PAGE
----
Structural equation modeling includes analysis of covariance structures and mean structures, fitting systems of linear structural equations, factor analysis, and path analysis. In terms of the mathematical and statistical techniques involved, these various types of analyses are more or less interchangeable because the underlying methodology is based on analyzing the mean and covariance structures. However, the different analysis types emphasize different aspects of the analysis.

The analysis of covariance structures refers to the formulation of a model for the observed variances and covariances among a set of variables. The model expresses the variances and covariances as functions of some basic parameters. Similarly, the analysis of mean structures refers to the formulation of a model for the observed means. The model expresses the means as functions of some basic parameters. Usually, the covariance structures are of primary interest. However, sometimes the mean structures are analyzed simultaneously with the covariance structures in a model.

Corresponding to this kind of abstract formulation of mean and covariance structure analysis, PROC CALIS offers you two matrix-based modeling languages for specifying your model:

MSTRUCT: a matrix-based model specification language that enables you to directly specify the parameters in the covariance and mean model matrices

COSAN: a general matrix-based model specification language that enables you to specify a very wide class of mean and covariance structure models in terms of matrix expressions

Instead of focusing directly on the mean and covariance structures, other generic types of structural equation modeling emphasize more about the functional relationships among variables. Mean and covariance structures are still the means of these analyses, but they are usually implied from the structural relationships, rather than being directly specified as in the COSAN or MSTRUCT modeling languages.

In linear structural equations, the model is formulated as a system of equations that relates several random variables with assumptions about the variances and covariances of the random variables. The variables involved in the system of linear structural equations could be observed (manifest) or latent. Causal relationships between variables are hypothesized in the model.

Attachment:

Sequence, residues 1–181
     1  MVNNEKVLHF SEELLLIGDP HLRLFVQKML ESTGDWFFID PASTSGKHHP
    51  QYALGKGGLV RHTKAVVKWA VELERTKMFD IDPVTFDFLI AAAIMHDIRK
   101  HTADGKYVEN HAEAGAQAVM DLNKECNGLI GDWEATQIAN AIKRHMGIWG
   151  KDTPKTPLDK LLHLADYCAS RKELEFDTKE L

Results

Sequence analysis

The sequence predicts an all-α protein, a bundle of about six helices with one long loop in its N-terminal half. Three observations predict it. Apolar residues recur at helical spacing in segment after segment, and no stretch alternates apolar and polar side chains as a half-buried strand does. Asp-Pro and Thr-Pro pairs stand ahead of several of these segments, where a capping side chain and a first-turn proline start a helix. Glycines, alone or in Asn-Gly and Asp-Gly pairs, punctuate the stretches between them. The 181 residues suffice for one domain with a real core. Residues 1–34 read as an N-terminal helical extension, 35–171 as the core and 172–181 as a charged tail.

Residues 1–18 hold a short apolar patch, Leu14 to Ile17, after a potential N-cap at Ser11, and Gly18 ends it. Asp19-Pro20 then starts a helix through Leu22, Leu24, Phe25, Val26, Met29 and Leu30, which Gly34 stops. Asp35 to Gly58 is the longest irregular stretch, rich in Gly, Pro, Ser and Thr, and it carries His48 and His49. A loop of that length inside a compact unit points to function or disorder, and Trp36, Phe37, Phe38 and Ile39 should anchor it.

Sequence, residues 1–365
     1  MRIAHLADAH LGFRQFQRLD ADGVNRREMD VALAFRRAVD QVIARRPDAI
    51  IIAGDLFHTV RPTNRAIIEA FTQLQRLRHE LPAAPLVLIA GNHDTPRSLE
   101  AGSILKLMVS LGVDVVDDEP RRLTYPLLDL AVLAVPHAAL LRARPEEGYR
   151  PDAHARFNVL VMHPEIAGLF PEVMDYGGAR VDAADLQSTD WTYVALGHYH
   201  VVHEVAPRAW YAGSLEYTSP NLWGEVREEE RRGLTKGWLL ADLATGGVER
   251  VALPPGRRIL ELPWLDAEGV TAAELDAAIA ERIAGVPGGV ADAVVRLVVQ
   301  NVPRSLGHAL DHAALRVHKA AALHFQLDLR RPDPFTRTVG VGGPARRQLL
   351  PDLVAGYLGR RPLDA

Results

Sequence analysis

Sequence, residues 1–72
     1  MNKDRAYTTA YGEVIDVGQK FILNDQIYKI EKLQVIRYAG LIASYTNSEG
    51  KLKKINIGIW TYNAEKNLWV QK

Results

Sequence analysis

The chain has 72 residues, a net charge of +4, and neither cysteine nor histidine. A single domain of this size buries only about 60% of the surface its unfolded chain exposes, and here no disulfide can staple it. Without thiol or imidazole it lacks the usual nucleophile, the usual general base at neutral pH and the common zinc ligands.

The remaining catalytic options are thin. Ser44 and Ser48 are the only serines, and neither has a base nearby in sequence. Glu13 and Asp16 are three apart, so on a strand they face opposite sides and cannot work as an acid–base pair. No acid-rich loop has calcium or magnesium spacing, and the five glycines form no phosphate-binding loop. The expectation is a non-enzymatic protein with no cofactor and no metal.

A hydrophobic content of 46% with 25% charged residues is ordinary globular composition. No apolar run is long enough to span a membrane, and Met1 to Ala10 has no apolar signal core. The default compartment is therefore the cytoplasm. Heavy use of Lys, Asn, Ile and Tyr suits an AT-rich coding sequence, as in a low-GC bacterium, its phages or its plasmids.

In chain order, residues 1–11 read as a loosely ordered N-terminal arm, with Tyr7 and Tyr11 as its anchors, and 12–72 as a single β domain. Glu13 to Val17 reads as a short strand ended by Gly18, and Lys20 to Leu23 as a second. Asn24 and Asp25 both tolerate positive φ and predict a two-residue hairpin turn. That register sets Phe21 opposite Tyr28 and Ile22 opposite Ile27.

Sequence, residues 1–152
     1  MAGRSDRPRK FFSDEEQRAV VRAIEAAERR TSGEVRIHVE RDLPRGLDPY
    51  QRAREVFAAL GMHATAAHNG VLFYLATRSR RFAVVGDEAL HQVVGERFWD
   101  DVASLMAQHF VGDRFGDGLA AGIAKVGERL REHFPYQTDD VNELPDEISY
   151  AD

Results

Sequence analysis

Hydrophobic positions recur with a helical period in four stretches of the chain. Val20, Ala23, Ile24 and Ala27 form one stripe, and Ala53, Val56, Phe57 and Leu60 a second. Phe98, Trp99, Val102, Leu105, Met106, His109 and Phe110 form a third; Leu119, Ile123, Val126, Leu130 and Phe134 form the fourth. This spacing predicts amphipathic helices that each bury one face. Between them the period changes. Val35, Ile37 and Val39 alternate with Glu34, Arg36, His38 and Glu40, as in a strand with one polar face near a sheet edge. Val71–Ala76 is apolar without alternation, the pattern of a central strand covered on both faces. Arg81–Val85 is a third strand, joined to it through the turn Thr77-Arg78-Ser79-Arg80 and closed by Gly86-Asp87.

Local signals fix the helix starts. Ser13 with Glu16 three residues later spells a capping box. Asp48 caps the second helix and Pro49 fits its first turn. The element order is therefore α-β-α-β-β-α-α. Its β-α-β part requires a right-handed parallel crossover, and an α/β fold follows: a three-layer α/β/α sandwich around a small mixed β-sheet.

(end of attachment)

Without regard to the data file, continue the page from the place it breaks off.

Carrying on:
When all observed variables in the model are hypothesized as indicator measures of underlying latent factors and the main interest is about studying the structural relations among the latent factors, it is a modeling scenario for factor-analysis or LISREL (Keesling; 1972; Wiley; 1973; Jöreskog; 1973). PROC CALIS provides you two modeling languages that are closely related to this type of modeling scenario:

FACTOR: a non-matrix-based model specification language that supports both exploratory and confirmatory factor analysis, including orthogonal and oblique factor rotations

LISMOD: a matrix-based model specification language that enables you to specify the parameters in the LISREL model matrices

When causal relationships among observed and latent variables are freely hypothesized so that the observed variables are not limited to the roles of being measured indicators of latent factors, it is a modeling scenario for general path modeling (path analysis). In general path modeling, the model is formulated as a path diagram, in which arrows that connect variables represent variances, covariances, and path coefficients (effects). Depending on the way you represent the path diagram, you can use any of the following three different modeling languages in PROC CALIS:

PATH: a non-matrix-based language that enables you to specify path-like relationships among variables

RAM: a matrix-based language that enables you to specify the paths, variances, and covariance parameters in terms of the RAM model matrices (McArdle and McDonald; 1984)

LINEQS: an equation-based language that uses linear equations to specify functional or path relationships among variables (for example, the EQS model by Bentler 1995)

Although various types of analyses are put into distinct classes (with distinct modeling languages), with careful parameterization and model specification, it is possible to apply any of these modeling languages to the same analysis. For example, you can use the PATH modeling language to specify a confirmatory factor-analysis model, or you can use the LISMOD modeling language to specify a general path model. However, for some situations some modeling languages are easier to use than others. See the section Which Modeling Language? of Chapter 26, The CALIS Procedure, for a detailed discussion of the modeling languages supported in PROC CALIS.

Loehlin (1987) provides an excellent introduction to latent variable models by using path diagrams and structural equations. A more advanced treatment of structural equation models with latent variables is given by Bollen (1989). Fuller (1987) provides a highly technical statistical treatment of measurement-error models.

This chapter illustrates applications of PROC CALIS, describes some of the main modeling features of PROC CALIS, and compares the CALIS procedure with the FACTOR and the SYSLIN procedures.